FIGS. 37-37c illustrate a perspective view of different embodiments of a magnetic tool holder 10. Tool holder 10 comprises a tool retaining body member 12 of an elongated material that may be made from any suitable material. Tool retaining body member 12 is preferably constructed from plastic. Tool retaining body member 12 has upper and lower surface 22 and 24, respectively. Tool retaining body member 12 has substantially parallel sides S1 and S2 and side ends 26 and 28. Surfaces 22 and 24 extend away from each other from end 26 to end 28. Tool retaining body member 12 includes a plurality of circular cross-sectioned bores 14 that extend through the tool retaining body member 12 from upper surface 22 to lower surface 24 of member 12. Bore 14 is formed to receive a tool 16, and bores of different diameters can be made so that tools 16 can be arranged in a predetermined order. Bores 14 are loosely dimensioned to loosely receive tools 16. Tool retaining body member 12, preferably is constructed so that a tool 16 protrudes from each bore 14 a sufficient amount to provide for one-handed removal and replacement of the socket head 16 from the bore 14. Tool retaining body member 12 is also preferably constructed so that bores 14 increase in length from first end 26 to second end 28 of tool retaining body member 12.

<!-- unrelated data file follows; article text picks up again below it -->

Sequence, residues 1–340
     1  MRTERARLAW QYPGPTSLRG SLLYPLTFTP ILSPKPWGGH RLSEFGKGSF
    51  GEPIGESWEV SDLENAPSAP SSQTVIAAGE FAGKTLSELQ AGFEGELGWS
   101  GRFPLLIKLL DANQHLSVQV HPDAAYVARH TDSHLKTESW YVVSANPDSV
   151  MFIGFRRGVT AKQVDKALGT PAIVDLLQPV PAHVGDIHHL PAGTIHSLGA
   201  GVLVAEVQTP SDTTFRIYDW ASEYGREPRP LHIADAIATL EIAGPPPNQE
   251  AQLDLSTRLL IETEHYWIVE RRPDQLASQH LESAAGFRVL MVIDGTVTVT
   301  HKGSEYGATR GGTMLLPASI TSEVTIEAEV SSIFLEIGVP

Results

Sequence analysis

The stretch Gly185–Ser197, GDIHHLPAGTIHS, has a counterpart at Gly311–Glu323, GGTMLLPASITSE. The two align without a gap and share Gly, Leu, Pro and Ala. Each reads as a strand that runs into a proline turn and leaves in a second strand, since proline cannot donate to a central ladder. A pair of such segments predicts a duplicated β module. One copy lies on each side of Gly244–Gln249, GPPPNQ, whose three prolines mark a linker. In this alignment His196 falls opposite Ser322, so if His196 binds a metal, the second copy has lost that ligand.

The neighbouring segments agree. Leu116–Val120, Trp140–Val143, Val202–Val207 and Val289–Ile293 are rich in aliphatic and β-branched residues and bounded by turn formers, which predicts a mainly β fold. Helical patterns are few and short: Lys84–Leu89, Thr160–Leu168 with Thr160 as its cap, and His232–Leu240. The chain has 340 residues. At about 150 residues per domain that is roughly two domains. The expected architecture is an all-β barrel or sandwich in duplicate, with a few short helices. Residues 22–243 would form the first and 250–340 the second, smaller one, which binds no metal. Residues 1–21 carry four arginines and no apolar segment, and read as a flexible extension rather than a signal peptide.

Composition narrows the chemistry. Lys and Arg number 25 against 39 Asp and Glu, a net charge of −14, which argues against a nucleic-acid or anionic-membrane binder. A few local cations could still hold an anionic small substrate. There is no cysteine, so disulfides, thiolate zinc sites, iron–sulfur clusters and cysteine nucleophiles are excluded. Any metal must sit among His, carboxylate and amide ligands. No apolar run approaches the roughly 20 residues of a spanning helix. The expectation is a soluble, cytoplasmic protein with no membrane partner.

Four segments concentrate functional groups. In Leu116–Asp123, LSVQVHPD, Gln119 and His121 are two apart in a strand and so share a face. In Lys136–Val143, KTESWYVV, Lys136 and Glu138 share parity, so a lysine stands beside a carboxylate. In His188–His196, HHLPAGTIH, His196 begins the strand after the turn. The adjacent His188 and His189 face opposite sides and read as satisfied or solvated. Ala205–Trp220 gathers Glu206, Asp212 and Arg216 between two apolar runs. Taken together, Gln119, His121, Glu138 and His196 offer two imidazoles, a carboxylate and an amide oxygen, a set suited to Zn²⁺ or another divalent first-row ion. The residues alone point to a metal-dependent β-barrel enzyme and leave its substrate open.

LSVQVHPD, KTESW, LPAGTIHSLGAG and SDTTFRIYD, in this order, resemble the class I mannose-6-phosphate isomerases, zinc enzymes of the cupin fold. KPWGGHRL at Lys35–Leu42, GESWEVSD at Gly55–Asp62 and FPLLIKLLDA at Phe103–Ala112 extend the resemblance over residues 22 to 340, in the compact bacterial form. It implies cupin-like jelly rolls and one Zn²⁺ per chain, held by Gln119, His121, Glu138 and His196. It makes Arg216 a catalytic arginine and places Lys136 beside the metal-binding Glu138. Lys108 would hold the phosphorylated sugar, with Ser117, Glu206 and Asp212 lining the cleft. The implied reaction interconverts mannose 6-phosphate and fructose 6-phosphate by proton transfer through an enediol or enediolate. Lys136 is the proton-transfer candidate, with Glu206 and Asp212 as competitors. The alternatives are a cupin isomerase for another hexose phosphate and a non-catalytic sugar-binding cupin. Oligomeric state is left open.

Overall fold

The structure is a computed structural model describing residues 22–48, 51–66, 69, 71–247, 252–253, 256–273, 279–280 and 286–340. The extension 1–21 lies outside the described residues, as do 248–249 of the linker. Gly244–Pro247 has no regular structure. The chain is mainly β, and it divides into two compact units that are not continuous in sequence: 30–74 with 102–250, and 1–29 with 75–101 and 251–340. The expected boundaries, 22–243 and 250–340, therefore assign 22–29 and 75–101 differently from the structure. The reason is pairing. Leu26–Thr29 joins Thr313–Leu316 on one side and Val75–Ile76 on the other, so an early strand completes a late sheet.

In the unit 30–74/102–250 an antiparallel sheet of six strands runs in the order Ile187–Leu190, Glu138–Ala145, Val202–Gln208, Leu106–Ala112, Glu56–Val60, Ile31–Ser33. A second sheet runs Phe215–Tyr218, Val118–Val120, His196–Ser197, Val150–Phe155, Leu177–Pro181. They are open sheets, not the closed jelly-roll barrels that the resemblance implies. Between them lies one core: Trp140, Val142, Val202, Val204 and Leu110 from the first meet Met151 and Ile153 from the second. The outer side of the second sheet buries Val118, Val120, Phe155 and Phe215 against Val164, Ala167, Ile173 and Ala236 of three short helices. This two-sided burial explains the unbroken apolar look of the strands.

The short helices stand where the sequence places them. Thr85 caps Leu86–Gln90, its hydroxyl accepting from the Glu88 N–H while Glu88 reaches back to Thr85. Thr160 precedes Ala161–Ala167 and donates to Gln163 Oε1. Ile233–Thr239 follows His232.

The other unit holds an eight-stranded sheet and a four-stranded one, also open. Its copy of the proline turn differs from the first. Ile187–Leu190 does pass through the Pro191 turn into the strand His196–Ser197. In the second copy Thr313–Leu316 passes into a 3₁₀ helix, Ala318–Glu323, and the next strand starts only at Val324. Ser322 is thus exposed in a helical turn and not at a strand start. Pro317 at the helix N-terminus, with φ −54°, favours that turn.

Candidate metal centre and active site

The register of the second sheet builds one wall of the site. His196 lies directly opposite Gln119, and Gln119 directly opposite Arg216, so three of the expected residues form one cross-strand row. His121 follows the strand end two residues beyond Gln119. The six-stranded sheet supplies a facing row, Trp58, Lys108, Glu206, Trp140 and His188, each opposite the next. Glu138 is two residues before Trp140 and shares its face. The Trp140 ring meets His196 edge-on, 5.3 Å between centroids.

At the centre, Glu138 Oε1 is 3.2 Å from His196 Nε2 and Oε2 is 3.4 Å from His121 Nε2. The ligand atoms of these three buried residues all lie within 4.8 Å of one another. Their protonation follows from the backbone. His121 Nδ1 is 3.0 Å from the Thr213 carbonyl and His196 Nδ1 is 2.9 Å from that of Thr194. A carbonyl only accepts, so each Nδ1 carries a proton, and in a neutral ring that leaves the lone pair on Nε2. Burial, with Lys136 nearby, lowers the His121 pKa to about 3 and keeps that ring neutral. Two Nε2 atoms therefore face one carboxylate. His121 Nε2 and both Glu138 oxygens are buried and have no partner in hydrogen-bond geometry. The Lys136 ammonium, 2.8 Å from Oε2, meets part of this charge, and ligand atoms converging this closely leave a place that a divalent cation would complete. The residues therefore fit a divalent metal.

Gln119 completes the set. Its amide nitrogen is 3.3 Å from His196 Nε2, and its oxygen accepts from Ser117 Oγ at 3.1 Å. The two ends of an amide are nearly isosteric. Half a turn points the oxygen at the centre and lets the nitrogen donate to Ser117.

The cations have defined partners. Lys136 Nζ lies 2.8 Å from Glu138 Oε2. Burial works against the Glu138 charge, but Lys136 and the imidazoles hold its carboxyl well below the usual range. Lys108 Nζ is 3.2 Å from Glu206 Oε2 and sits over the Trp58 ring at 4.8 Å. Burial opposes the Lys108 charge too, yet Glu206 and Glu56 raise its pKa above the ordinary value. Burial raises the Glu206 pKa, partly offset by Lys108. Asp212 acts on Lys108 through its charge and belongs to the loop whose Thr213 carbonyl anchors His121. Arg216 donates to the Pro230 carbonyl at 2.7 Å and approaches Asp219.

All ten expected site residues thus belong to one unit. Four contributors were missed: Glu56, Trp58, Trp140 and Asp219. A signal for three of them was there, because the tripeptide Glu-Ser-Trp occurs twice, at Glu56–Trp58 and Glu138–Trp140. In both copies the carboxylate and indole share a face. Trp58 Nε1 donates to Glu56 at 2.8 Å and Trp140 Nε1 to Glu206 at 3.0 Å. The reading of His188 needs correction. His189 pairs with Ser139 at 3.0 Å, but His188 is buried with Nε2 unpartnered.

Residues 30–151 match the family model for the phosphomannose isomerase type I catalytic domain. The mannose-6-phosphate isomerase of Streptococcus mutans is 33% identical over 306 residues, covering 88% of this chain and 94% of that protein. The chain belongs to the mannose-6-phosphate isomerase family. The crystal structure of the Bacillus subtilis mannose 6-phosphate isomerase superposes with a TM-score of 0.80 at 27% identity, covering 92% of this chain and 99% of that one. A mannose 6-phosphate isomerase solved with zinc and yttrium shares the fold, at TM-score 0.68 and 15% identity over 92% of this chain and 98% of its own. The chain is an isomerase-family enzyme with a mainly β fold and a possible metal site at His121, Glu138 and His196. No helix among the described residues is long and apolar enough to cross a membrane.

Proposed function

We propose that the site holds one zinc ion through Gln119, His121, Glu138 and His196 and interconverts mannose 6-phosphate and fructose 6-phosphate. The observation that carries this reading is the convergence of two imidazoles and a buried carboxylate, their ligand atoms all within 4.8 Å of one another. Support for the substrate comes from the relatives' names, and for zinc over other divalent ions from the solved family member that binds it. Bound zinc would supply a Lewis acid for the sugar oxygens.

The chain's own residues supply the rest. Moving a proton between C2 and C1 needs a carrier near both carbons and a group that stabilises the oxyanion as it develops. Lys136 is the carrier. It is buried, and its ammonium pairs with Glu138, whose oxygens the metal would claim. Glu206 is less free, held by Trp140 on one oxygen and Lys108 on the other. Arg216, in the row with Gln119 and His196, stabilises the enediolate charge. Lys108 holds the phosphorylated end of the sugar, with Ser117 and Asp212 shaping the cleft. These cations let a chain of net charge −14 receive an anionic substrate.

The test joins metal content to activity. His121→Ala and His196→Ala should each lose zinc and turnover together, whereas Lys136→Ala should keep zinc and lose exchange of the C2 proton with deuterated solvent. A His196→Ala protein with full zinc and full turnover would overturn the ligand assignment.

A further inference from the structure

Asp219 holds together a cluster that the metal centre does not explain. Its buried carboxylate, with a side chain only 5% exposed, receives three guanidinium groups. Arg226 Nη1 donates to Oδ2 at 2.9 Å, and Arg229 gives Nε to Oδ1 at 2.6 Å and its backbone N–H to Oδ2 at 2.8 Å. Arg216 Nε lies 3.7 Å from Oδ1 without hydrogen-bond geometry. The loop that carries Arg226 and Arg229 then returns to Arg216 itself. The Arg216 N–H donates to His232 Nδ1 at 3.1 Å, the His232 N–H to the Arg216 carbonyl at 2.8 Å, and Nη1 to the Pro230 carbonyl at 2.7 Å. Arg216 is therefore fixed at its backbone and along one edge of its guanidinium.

Body member 204, member 206, member 208, and member 220 are attached to and cover lower surface 24 of tool retaining body member 12. In one embodiment, body member 204 is constructed from a ferrous metal, e.g. steel, magnetic segment 220 is constructed as described above, and body member 208 is constructed from a ferrous metal, e.g. steel (FIG. 37). In yet another embodiment, body member 208 is interposed between magnetic segments 220 (FIG. 37b). In yet a further embodiment, magnetic segment 206 is interposed between body members 204, and 208, respectively (FIG. 37a). In yet a further embodiment, magnetic segment 220 is interposed between body members 208 (not pictured). Body members 204, 208, and magnetic segments 206, 220, are attached to tool retaining body member 12 by any suitable means. Preferably, members and segments are attached to tool retaining body member 12 with screws.

As illustrated in FIG. 37c, body members 204, 208, and magnetic segments 206, 220 can be interposed between a plurality of tool retaining body members 12. By way of example, magnetic segment 220 is interposed between body members 206, which is in turn interposed between tool retaining body members 12. The present invention contemplates interposing a variety of body members between tool retaining body members 12. It will be appreciated that the interposition of the various body members and magnetic segments between tool retaining body member 12 allows mounting of the assembly on surfaces constructed of or comprising ferrous particles. Moreover, various magnetic tool organizers described herein can all be used in the tool box compartment 101.

A method of assembling a tool display utilizes magnetic tool organizers 200, 201, 202, 400, 402, 600, 1001, 1002, 1003, and other embodiments is disclosed herein. By way of example, a tool display comprises a magnetic tool organizer 200 and at least one tool 300 (FIG. 1). By way of further example, a tool display includes a tool box 100, tool case 500, a magnetic tool organizer 200 9 (or other variations thereof), and a tool 300.